Il Tabarro / Suor Angelica

Music by Giacomo Puccini, librettos by Giuseppe Adami (Il Tabarro), Giovacchino Forzano (Suor Angelica)
Opera North
The Lowry (Lyric Theatre)

Il Tabarro Credit: Tristram Kenton
Suor Angelica Credit: Tristram Kenton
Anne-Sophie Duprels Credit: Tristram Kenton

Opera North’s 2016 programme at The Lowry closes with a double bill of one-act operas by Puccini.

It is a general rule that rarely-produced pieces, even by great artists, are rarely produced for good reasons. Tonight is not the exception to prove that rule. Nevertheless, because this is Puccini and because this is Opera North, there will be no shortage of delights on offer.

Il Tabarro is unusual in Puccini’s work in that its cast of characters is proletarian (though, strictly speaking, I suppose we should call a barge owner petit bourgeois). It tells the tale of Giorgetta, the young wife of Michele, who owns a barge transporting goods along the Seine. The taciturn but largely decent Michele employs a small group of labourers to load and unload goods. One of these workers, Luigi, has become Giorgetta’s lover. The discovery of this infidelity will lead to the opera’s tragic finale.

Johan Engels’s set is not without its vrirtues. The repeated image of men, laden with heavy sacks, lumbering out of the gloom of the hold is powerful (if only the men could give a more telling impression of weary souls who have spent a long day "toting that barge and lifting that bail".) However, the large offset rectangle that represents the barge seems to cramp the movement of the performers, and the sight of them, balancing aloft while singing their hearts out, creates a distracting sense of jeopardy which detracts from the genuine drama of the story being told.

Ivan Inverardi’s Michele, a stern, taciturn man, still much in love with his wife, prowls impressively about the stage, like a hungry, lonely bear. I like him and his voice.

Giorgetta, as portrayed by Giselle Allen, is a down-to-earth, self-assured woman, nursing heartbreak and the need for romance. When her husband, in his own defence reminds her that he never beats her, her reply that she would prefer "bruises to silence" is telling. Allen’s singing, a perfect marriage of need and resilience, fits well to the role.

The articulate and politically passionate Luigi—who reminds me of Caveradossi and makes me wish these characters and their lives had been explored at greater length—is played by David Butt Philip. His voice admirably punches through the notoriously dead acoustic of the Lowry’s Lyric theatre (except where Jac van Steen’s conducting permits the orchestra to gain the upper hand).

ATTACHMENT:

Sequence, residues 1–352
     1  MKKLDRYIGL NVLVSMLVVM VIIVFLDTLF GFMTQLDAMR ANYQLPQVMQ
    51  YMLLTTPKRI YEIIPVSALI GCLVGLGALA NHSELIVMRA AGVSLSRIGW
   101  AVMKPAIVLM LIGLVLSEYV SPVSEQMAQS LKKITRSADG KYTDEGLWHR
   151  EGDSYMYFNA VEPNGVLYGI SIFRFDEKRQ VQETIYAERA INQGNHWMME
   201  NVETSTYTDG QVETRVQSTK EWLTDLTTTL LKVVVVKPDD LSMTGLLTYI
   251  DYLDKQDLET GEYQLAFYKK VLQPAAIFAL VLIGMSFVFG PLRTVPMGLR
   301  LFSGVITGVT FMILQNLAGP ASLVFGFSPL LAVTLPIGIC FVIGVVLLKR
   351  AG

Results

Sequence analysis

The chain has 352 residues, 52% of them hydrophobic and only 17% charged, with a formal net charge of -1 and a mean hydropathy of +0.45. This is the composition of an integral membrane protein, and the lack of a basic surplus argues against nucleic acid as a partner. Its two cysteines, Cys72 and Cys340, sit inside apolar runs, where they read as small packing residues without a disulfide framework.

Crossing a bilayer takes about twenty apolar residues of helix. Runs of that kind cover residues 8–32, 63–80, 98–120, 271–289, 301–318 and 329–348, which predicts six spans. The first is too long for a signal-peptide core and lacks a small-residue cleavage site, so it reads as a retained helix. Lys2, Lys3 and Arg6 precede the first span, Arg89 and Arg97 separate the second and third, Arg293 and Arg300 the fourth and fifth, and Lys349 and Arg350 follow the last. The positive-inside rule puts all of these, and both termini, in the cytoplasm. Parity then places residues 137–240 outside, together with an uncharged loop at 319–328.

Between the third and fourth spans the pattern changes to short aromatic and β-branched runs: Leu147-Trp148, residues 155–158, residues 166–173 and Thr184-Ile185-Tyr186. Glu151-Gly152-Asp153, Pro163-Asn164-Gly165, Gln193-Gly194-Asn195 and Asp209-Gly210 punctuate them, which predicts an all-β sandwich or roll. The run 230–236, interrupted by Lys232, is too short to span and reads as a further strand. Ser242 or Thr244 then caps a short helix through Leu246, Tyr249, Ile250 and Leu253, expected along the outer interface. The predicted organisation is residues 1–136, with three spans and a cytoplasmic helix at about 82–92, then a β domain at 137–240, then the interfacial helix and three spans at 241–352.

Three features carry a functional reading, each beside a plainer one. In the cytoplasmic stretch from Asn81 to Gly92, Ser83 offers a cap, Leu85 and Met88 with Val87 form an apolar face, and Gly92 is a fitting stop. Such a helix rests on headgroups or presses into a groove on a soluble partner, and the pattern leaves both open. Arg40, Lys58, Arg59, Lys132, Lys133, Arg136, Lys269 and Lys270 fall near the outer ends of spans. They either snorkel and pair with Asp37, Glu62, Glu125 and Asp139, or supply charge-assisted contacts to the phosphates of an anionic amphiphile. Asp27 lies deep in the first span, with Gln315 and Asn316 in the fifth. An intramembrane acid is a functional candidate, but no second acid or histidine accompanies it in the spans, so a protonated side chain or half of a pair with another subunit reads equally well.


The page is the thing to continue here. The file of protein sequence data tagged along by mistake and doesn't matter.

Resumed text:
Anne-Marie Owens deserves a special mention for getting right inside the skin of La Frugola: one of those working women who grubs for a living, all the while dispensing humour and pearls of demotic wisdom.

The main issue with this production lies in the finale. How to handle an unavoidably melodramatic closing scene is a difficult choice but David Poutney (or perhaps Michael Barker-Caven who directs this revival) gets it terribly wrong. The hold of the barge suddenly becomes a tableau vivant, with the killer now backlit, striking a camp pose even D W Griffith would have wanted reframing. Not good.

Suor Angelica tells the story of a woman of noble birth, forced into a nunnery for the “crime” of having an illegitimate child. Seven years on, Sister Angelica (now the convent’s expert in medicinal herbs) still yearns for news of her son. One day, her aunt, the princess, arrives. As executor of the family estate, she is here to demand Angelica signs documents renouncing her inheritance. Before signing, Angelica pleads for news of her child, only to be told that he died two years ago.

These mournful tidings tip Angelica into a brief but fatal insanity, during which she self-administers a deadly concoction. Realising, too late, that she has committed a mortal sin, she pleads with the Holy Mother to send her grace and allow her to be reunited with her child in Heaven, rather than damned as a suicide. The Virgin hears her prayer.

The piece is, for the most part frugally staged with a monochrome set. The sense that Puccini was writing an anti-clerical work is sustained by an enormous cross, hanging like a bird of prey over the nuns’ heads. However, all such subtleties are thrown to the wind in a finale that sees Angelica (or presumably now, her spirit) cast aside her robe and walk, naked and with arms outstretched, towards a large, circular stained-glass window. As she approaches, the window first kaleidoscopes, then melts into images of stars, then galaxies, finishing with the image of a foetus superimposed on the universe.

I hold my hand up as a grizzled, old atheist. Even so, I am not beyond being moved by the ethereal and the spiritual. This, however, comes across as a digital age version of Stephen Pearson’s phenomenally popular 1970s image, “The Wings of Love”. (My apologies, if you still have a copy on your wall).

With van Steen now having the orchestra under full control, we (gratefully) witness some excellent vocal performances.

Patricia Bardon perhaps needs better direction as the Princess—her movements are sometimes too decisive, her gestures too grandiose. Her voice, though, is marvellous, with all the merciless gravitas of a privileged woman performing an onerous but necessary duty.

Anne-Sophie Duprels is a joy as Sister Angelica. Her portrayal of Angelica’s temporary loss of sanity is fragile and moving, and her control of the final note of “Senza Mamma” the highspot of the evening. Whilst, given this finale, we can scarcely expect to see more of her, we must certainly hope to hear much more of her in future ON productions.

Reviewer: Martin Thomasson

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